Movies that worm their way into a disturbed character’s head can be a discomfiting experience, especially when they’re done really well. (I firmly believe that Lodge Kerrigan’s Clean, Shaven is a great film. I also believe that you’d have to work pretty hard to get me to ever watch it again.) The British import The Ghoul is a clever, deceptively chilly example of narrative unreliability, presenting an increasingly askew perspective in a way that’s somehow both off-putting and absorbing. It lingers.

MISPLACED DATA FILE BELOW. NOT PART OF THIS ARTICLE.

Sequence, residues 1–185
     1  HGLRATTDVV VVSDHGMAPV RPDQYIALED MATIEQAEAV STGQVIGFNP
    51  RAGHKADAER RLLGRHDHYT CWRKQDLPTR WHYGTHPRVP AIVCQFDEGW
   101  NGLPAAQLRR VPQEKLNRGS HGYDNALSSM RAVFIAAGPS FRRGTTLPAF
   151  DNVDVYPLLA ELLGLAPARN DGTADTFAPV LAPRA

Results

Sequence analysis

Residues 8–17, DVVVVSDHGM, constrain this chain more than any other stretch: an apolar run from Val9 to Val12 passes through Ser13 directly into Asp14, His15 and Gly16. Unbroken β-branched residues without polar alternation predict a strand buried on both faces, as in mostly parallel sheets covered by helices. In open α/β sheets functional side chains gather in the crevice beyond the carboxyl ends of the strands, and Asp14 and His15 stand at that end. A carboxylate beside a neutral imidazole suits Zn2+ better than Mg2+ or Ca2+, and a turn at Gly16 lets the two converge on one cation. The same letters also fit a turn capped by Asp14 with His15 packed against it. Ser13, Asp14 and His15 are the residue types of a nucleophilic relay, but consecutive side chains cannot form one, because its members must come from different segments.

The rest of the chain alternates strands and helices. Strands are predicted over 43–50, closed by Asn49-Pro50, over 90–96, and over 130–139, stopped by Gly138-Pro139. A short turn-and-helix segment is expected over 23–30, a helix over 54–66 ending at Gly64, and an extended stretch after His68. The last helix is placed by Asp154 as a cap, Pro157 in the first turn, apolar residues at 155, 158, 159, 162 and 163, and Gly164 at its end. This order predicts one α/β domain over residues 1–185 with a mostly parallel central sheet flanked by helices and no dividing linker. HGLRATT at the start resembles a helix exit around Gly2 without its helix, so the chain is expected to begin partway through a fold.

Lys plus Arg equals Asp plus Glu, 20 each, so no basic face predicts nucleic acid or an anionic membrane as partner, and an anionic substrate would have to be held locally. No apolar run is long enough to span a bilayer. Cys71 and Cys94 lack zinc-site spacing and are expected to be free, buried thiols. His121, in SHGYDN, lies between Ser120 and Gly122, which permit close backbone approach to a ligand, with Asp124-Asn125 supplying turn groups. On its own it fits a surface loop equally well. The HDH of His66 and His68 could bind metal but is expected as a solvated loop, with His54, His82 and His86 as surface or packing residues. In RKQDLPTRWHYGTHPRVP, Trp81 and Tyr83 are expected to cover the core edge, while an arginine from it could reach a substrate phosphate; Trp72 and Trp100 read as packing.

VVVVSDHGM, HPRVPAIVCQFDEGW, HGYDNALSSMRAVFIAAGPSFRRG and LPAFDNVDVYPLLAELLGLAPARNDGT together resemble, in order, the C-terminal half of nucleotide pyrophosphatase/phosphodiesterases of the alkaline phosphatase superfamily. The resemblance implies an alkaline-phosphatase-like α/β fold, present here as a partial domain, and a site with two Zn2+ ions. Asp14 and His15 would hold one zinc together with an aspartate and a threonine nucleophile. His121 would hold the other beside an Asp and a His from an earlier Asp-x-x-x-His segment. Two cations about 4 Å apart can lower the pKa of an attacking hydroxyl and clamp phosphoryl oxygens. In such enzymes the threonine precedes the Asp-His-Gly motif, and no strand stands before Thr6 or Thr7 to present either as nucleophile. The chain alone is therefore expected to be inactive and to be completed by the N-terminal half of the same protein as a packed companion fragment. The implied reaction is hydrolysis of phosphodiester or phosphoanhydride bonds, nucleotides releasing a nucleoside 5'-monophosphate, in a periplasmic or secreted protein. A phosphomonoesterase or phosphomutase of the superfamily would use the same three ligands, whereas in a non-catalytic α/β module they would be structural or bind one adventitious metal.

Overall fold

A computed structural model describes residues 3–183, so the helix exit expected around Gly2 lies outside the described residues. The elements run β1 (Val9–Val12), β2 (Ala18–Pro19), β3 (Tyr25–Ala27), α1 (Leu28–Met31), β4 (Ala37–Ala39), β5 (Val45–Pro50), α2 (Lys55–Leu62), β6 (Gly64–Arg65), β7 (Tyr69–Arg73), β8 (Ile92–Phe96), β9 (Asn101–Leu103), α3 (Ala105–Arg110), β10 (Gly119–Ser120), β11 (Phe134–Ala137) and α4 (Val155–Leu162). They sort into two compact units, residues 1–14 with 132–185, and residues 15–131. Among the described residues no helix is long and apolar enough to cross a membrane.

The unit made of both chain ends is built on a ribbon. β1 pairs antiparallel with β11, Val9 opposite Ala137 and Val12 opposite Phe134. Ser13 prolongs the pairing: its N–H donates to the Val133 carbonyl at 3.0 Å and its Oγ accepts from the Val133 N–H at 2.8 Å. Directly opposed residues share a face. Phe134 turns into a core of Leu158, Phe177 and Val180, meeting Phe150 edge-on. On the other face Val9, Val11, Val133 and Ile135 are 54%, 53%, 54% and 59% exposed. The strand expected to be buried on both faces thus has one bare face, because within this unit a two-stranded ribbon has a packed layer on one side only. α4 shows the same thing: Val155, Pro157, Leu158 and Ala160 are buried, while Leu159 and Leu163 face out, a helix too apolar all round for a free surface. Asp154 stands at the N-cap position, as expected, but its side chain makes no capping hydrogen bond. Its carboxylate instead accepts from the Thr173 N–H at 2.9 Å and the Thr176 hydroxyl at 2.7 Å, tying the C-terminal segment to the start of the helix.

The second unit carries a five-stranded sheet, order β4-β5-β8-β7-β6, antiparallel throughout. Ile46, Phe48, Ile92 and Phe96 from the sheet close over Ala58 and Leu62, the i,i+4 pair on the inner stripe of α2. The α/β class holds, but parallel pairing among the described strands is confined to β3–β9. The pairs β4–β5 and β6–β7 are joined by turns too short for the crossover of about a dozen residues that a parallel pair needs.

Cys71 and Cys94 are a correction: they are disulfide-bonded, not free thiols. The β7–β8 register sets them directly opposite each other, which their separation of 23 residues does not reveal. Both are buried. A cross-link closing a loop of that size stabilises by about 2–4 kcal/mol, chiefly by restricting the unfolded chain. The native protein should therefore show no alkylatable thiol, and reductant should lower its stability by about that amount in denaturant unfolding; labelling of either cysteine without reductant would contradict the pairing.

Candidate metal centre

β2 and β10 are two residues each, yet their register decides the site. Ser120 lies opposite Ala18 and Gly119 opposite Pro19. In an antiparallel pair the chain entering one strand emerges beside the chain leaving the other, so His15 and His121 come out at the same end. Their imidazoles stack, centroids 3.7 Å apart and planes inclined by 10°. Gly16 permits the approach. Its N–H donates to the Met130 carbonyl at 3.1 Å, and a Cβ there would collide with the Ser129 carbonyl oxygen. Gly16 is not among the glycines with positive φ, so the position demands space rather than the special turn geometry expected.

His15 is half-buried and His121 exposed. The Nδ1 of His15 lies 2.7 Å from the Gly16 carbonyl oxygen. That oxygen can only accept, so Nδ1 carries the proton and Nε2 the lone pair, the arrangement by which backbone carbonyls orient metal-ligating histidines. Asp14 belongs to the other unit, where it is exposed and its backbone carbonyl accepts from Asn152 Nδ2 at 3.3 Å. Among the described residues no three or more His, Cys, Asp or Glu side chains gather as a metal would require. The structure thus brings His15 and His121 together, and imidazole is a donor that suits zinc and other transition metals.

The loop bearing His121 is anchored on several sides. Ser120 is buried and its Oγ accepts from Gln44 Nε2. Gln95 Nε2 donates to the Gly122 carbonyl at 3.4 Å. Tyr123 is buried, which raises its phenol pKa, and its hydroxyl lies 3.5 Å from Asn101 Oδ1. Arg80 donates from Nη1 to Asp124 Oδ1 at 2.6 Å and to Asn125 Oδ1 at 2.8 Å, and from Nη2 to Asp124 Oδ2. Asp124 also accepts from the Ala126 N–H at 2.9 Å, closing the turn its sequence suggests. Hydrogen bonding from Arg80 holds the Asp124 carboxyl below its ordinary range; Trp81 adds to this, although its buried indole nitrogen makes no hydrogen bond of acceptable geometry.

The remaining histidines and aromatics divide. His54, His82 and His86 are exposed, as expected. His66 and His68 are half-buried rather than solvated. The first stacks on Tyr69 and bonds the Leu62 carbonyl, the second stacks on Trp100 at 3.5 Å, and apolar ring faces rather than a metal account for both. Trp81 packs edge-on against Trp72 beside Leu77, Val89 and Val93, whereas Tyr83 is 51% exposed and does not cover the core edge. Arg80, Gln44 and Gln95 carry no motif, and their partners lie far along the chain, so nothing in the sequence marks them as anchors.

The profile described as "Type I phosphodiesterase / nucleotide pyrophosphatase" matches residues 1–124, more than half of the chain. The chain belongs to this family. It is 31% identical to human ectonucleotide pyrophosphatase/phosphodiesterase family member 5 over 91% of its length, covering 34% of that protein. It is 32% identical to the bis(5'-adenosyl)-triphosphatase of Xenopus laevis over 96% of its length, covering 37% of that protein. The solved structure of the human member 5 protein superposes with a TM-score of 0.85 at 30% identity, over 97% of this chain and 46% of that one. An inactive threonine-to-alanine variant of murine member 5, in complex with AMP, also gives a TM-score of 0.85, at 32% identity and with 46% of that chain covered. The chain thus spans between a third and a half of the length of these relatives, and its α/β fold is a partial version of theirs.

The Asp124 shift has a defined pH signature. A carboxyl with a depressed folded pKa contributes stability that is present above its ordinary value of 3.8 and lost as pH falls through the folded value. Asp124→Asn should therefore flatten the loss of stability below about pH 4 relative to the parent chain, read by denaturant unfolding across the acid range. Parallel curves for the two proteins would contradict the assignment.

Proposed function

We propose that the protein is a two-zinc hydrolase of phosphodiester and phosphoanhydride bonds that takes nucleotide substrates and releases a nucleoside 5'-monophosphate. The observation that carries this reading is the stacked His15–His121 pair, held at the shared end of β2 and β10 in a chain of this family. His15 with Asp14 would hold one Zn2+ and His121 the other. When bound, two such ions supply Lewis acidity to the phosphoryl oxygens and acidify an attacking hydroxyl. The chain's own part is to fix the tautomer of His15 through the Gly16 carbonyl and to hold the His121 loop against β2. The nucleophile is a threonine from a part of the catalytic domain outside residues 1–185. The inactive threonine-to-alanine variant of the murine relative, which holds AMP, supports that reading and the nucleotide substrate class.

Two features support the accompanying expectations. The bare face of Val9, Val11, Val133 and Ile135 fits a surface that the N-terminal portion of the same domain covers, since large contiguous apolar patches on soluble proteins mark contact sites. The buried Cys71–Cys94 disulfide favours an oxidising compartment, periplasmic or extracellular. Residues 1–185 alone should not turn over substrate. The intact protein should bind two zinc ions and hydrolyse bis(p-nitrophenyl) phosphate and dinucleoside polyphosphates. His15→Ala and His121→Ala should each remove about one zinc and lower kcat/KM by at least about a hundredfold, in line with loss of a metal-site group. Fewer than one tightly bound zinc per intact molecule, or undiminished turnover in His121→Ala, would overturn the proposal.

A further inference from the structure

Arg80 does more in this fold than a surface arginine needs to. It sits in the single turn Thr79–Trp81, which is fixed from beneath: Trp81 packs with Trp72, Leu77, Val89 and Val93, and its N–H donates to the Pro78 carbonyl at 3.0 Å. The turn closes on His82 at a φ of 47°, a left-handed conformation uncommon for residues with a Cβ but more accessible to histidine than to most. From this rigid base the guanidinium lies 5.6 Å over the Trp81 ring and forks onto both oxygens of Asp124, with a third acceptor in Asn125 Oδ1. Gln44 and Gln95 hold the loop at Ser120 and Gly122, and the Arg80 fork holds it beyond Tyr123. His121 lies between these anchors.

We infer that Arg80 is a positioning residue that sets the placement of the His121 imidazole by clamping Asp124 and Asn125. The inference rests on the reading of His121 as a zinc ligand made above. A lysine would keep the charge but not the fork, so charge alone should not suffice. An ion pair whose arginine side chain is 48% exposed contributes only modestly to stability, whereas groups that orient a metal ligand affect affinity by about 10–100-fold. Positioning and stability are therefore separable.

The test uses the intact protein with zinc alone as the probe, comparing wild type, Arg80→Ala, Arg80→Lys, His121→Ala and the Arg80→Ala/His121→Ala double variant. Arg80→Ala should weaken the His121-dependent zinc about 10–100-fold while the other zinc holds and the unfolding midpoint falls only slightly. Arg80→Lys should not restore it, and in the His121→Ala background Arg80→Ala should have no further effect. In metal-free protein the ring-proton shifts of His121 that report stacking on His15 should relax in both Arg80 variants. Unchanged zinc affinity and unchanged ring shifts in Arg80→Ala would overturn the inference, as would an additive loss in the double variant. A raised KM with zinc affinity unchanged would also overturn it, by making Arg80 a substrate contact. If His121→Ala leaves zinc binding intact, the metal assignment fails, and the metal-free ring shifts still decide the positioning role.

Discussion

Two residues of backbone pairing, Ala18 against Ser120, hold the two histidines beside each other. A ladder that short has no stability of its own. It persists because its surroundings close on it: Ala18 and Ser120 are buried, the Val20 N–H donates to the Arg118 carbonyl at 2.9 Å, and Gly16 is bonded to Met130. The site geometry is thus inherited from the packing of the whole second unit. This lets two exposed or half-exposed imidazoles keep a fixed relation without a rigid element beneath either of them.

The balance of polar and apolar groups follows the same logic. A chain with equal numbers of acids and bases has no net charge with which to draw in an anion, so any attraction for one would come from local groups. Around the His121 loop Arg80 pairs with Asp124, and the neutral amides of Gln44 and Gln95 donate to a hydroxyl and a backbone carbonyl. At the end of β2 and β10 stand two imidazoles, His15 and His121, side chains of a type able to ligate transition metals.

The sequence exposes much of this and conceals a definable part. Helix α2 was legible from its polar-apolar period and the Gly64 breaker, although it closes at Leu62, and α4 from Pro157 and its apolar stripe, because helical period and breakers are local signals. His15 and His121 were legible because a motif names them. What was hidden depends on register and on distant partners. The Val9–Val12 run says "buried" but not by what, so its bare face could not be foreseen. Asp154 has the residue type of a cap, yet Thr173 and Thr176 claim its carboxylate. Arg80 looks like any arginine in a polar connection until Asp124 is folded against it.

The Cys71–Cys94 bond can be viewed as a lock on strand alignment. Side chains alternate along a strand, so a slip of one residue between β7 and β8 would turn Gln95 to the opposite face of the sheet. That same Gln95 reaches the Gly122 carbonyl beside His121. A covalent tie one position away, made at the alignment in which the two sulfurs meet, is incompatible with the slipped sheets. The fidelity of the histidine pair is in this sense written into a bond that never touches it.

Writer/director Gareth Tunley wastes no time in establishing the basis for an intriguing psychological thriller: As a favor to his former partner, an off-duty cop (Tom Meeten) poses as a depressed patient in order to covertly gather information on a murder suspect from a psychiatrist.